- Design engineers may have had a limited knowledge of how liquid and solids flow through a system.
- The system may have had baffles in the original but the as-built system does not match up with the drawings. This happens when contractors building it simply skimp on materials and labour by not installing the baffles in the first place.
How to Determine a Tank or Vessel System is Short-Circuiting
There are two ways to determine if a tank or vessel system is short-circuiting:
- Lithium or Potassium Chloride (KCl) trace, and
- Infrared camera inspection.
For industrial processes such as in pulp mills or in industrial or municipal wastewater lagoon systems. the KCl trace cannot be used as the molecule may already be found in the process.
To do a Lithium or Potassium Chloride trace, one spikes an inlet to the system with a large dose of the chemical, enough to be picked up by an Atomic Absorption Spectrometer or an Inductively Coupled Plasma Optical Emission Spectrometer (ICP-OES) (see Photos 2 and 3). One can then start collecting outlet samples and test for the tracer element.
Samples are collected every hour, or whatever is suitable for the expected retention time, and then analyzed for the trace element. If the retention time is correct then the analysis should produce an evenly distributed graph covering the entire expected retention time. If the tank or vessel is short-circuiting then the graph will be lopsided indicating that something is amiss in the system.
Another way to discover short-circuiting is with an infrared camera. These detect temperature gradients inside a tank or vessel caused by the build-up of solids on the tank floor. It is fast and reliable and easy to do. If the solids depth are not uniform on the tank bottom then this is a clue that short-circuiting is occurring.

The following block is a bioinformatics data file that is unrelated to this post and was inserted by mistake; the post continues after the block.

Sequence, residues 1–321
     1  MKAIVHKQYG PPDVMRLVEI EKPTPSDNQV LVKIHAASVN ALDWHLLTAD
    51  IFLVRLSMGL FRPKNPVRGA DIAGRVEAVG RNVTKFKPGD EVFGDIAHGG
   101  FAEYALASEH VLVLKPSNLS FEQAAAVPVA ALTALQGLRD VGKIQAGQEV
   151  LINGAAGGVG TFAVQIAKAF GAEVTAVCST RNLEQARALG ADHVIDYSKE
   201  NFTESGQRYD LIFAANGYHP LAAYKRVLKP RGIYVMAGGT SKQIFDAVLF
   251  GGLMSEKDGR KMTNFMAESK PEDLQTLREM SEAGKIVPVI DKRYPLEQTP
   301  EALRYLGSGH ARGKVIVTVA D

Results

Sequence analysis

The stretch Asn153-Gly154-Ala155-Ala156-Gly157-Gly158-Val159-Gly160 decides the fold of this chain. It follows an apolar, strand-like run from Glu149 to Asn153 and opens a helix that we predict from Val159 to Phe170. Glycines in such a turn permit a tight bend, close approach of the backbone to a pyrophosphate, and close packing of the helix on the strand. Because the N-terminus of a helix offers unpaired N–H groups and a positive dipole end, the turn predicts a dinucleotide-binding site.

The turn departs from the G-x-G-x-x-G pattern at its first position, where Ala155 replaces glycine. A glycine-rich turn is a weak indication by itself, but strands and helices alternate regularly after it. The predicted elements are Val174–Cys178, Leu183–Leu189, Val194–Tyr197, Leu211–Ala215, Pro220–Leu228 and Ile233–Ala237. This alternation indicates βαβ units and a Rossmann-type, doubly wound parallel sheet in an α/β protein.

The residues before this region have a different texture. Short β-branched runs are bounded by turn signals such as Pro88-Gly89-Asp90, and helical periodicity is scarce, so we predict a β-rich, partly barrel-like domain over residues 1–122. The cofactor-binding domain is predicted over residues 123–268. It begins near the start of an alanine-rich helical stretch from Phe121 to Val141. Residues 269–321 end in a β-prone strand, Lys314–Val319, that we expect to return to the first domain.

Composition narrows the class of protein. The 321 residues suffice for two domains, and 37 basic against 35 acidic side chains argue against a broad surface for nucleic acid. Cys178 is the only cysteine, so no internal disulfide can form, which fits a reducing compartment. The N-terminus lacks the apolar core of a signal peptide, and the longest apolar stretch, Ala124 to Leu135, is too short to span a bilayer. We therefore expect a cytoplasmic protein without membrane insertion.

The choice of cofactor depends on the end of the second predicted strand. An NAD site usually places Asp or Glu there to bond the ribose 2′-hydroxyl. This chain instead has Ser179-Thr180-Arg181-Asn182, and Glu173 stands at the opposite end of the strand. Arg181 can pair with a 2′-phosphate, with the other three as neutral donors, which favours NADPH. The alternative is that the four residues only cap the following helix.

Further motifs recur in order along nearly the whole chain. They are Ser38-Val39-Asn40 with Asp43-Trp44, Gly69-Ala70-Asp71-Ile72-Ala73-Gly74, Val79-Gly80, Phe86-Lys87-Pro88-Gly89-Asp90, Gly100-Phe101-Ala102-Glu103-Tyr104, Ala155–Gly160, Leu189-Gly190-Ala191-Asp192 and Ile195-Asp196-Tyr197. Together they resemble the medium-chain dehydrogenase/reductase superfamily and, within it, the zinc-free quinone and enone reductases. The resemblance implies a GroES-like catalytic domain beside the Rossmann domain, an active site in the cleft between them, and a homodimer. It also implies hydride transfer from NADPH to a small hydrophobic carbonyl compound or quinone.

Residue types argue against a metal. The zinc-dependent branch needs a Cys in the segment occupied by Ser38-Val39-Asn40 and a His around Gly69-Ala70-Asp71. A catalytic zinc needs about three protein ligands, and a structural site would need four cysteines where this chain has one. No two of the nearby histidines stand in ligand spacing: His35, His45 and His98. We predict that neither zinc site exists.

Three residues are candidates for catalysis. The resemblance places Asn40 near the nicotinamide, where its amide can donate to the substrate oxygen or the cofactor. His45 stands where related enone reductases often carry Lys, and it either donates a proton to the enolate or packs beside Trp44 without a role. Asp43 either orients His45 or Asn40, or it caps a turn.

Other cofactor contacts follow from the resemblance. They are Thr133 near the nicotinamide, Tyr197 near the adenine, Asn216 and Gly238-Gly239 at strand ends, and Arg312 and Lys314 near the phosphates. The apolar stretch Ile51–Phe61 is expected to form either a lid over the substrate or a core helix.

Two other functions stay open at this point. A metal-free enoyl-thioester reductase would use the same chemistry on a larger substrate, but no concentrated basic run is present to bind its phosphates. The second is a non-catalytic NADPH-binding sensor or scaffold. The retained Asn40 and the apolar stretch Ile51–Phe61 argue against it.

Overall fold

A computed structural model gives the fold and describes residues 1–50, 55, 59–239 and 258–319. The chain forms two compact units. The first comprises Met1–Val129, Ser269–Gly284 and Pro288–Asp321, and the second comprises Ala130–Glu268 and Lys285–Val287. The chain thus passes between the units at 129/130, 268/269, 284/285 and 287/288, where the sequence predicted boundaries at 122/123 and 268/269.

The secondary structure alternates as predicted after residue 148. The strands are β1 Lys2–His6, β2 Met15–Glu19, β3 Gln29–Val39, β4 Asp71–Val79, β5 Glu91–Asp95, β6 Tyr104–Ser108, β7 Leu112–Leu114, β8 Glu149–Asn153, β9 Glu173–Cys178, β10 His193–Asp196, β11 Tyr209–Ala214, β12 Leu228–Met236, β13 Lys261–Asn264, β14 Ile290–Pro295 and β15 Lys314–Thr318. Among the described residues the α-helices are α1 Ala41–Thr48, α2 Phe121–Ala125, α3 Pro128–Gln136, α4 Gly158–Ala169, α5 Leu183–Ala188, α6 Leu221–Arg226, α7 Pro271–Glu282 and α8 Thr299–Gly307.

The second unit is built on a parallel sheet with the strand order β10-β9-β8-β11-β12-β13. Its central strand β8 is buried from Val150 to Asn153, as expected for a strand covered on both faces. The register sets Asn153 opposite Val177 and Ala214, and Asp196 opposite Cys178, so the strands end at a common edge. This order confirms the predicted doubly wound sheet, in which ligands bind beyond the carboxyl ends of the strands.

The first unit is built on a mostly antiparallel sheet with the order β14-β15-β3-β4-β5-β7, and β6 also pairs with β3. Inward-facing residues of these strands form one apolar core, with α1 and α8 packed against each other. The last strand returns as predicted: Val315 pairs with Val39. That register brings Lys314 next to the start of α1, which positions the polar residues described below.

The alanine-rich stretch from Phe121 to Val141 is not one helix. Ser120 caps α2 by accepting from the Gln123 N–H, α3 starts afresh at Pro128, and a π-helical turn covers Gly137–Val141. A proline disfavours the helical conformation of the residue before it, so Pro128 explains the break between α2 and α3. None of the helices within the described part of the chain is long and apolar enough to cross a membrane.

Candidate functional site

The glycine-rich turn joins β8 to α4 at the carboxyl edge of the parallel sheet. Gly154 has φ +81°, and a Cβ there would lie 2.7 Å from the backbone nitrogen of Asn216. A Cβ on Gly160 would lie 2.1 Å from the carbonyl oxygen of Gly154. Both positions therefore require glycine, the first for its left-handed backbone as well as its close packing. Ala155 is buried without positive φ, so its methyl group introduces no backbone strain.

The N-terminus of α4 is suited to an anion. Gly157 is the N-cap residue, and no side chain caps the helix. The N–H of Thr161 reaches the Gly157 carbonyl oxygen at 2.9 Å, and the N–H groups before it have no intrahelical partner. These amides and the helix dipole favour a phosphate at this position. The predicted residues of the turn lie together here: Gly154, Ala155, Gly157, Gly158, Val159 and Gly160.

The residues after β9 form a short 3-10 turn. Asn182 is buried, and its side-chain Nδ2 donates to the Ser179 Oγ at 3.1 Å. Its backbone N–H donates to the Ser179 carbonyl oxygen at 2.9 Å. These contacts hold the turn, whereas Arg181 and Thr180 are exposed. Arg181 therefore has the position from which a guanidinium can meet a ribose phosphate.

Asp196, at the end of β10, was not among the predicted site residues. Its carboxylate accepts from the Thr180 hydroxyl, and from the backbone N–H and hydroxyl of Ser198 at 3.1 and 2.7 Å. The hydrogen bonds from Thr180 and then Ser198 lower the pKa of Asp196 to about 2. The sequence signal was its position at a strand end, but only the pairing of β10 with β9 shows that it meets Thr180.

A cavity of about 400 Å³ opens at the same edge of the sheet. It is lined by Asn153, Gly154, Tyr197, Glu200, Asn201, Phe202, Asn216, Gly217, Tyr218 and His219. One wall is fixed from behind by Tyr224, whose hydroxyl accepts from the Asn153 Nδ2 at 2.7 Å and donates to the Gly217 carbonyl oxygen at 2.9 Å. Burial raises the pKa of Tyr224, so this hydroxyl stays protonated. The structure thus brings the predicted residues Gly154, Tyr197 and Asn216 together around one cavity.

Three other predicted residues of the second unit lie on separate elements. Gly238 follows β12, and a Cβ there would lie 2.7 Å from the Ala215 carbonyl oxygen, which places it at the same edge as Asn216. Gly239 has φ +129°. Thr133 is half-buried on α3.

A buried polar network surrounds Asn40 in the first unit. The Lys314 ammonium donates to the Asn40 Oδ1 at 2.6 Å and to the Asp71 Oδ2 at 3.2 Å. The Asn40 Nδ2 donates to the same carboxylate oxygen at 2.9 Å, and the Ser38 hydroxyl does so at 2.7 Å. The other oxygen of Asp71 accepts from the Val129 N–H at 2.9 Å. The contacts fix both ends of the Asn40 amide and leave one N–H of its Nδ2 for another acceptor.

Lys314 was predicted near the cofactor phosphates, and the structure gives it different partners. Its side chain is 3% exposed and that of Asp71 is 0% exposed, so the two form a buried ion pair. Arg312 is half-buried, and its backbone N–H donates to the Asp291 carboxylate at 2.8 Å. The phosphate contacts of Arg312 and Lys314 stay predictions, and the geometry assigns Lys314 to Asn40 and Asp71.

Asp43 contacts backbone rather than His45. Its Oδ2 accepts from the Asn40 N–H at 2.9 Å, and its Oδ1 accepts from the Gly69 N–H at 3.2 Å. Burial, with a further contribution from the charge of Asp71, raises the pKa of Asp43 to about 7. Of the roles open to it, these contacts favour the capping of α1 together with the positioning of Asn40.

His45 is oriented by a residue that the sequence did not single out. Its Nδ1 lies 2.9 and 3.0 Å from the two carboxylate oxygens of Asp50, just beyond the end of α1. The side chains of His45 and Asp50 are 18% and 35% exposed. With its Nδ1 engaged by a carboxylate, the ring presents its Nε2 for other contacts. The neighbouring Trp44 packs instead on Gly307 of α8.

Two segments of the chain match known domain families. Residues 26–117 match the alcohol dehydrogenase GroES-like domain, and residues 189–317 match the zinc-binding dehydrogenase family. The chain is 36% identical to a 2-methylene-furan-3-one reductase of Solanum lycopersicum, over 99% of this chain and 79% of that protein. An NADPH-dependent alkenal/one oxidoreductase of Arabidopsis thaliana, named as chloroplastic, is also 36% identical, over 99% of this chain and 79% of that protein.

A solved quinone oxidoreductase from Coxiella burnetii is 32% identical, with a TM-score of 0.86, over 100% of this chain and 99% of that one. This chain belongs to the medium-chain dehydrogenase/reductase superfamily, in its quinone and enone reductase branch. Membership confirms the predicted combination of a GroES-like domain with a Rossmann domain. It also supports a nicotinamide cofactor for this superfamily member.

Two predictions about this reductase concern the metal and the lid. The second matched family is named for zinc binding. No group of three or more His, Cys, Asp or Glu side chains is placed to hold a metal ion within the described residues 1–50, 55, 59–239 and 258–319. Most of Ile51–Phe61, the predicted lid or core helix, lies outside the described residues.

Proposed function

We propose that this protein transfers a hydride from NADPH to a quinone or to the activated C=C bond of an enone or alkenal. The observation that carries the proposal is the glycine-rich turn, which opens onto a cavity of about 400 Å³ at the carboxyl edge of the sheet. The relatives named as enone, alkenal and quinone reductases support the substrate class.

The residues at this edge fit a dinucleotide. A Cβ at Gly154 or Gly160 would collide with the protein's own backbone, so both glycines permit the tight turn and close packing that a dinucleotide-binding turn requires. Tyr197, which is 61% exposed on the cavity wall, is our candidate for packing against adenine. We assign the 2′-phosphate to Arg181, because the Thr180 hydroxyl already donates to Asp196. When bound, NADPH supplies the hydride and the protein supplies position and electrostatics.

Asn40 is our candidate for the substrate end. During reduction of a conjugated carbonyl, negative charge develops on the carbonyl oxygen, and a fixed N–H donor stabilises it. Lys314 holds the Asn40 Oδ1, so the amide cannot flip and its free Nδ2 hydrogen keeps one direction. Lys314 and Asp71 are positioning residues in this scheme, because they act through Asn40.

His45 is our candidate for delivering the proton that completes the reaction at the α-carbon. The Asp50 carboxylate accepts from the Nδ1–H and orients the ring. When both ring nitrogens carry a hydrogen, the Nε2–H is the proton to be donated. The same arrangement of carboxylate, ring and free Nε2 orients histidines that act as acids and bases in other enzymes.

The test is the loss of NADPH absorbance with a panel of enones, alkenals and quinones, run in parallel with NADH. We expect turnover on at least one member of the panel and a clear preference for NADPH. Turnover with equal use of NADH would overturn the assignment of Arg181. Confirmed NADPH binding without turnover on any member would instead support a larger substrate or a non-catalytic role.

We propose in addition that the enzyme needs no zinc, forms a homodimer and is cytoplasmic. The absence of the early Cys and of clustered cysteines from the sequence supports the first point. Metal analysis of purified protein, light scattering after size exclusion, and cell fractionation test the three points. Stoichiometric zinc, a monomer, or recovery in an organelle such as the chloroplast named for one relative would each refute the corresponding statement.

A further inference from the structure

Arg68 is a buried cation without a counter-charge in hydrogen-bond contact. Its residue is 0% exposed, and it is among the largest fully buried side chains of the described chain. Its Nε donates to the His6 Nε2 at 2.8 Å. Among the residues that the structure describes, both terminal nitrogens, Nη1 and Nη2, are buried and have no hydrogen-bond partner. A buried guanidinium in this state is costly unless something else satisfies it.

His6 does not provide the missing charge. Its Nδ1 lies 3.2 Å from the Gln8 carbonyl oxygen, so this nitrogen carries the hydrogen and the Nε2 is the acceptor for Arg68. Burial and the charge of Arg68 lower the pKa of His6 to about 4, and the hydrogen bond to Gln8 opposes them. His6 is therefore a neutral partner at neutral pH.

Case Example at a Pulp Mill
Industrial lagoon systems (or aerating stabilization basins) can have short-circuiting. At the pulp mill I was at, the designed lagoon retention time was to be 28 days from inlet to outlet. The 160 acre lagoon system had frequent clean-outs, every three to five years, when it should have been every 10 years or more, as the different segments of the system had reduced depths due to settling out of solids that should have been consumed by lagoon bacteria.
Process engineers spent considerable time and money trying to prevent the solids build-up in the lagoon to meet environmental discharge license criteria for the wastewater entering the receiving river. The pulp mill pumped in 29,000 to 32,000 gallons per minute of river water.
At first the mill added baffles to the system to increase the retention time in an attempt to fix a problem they did not fully understand. It was a good start to solve the issue and it did help.
Cleaning out a pulp mill lagoon system is a very dangerous, health hazardous, time-consuming and expensive undertaking since the entire mill has to be totally shut down and bottled up. (See Photos 4, 5 & 6 above)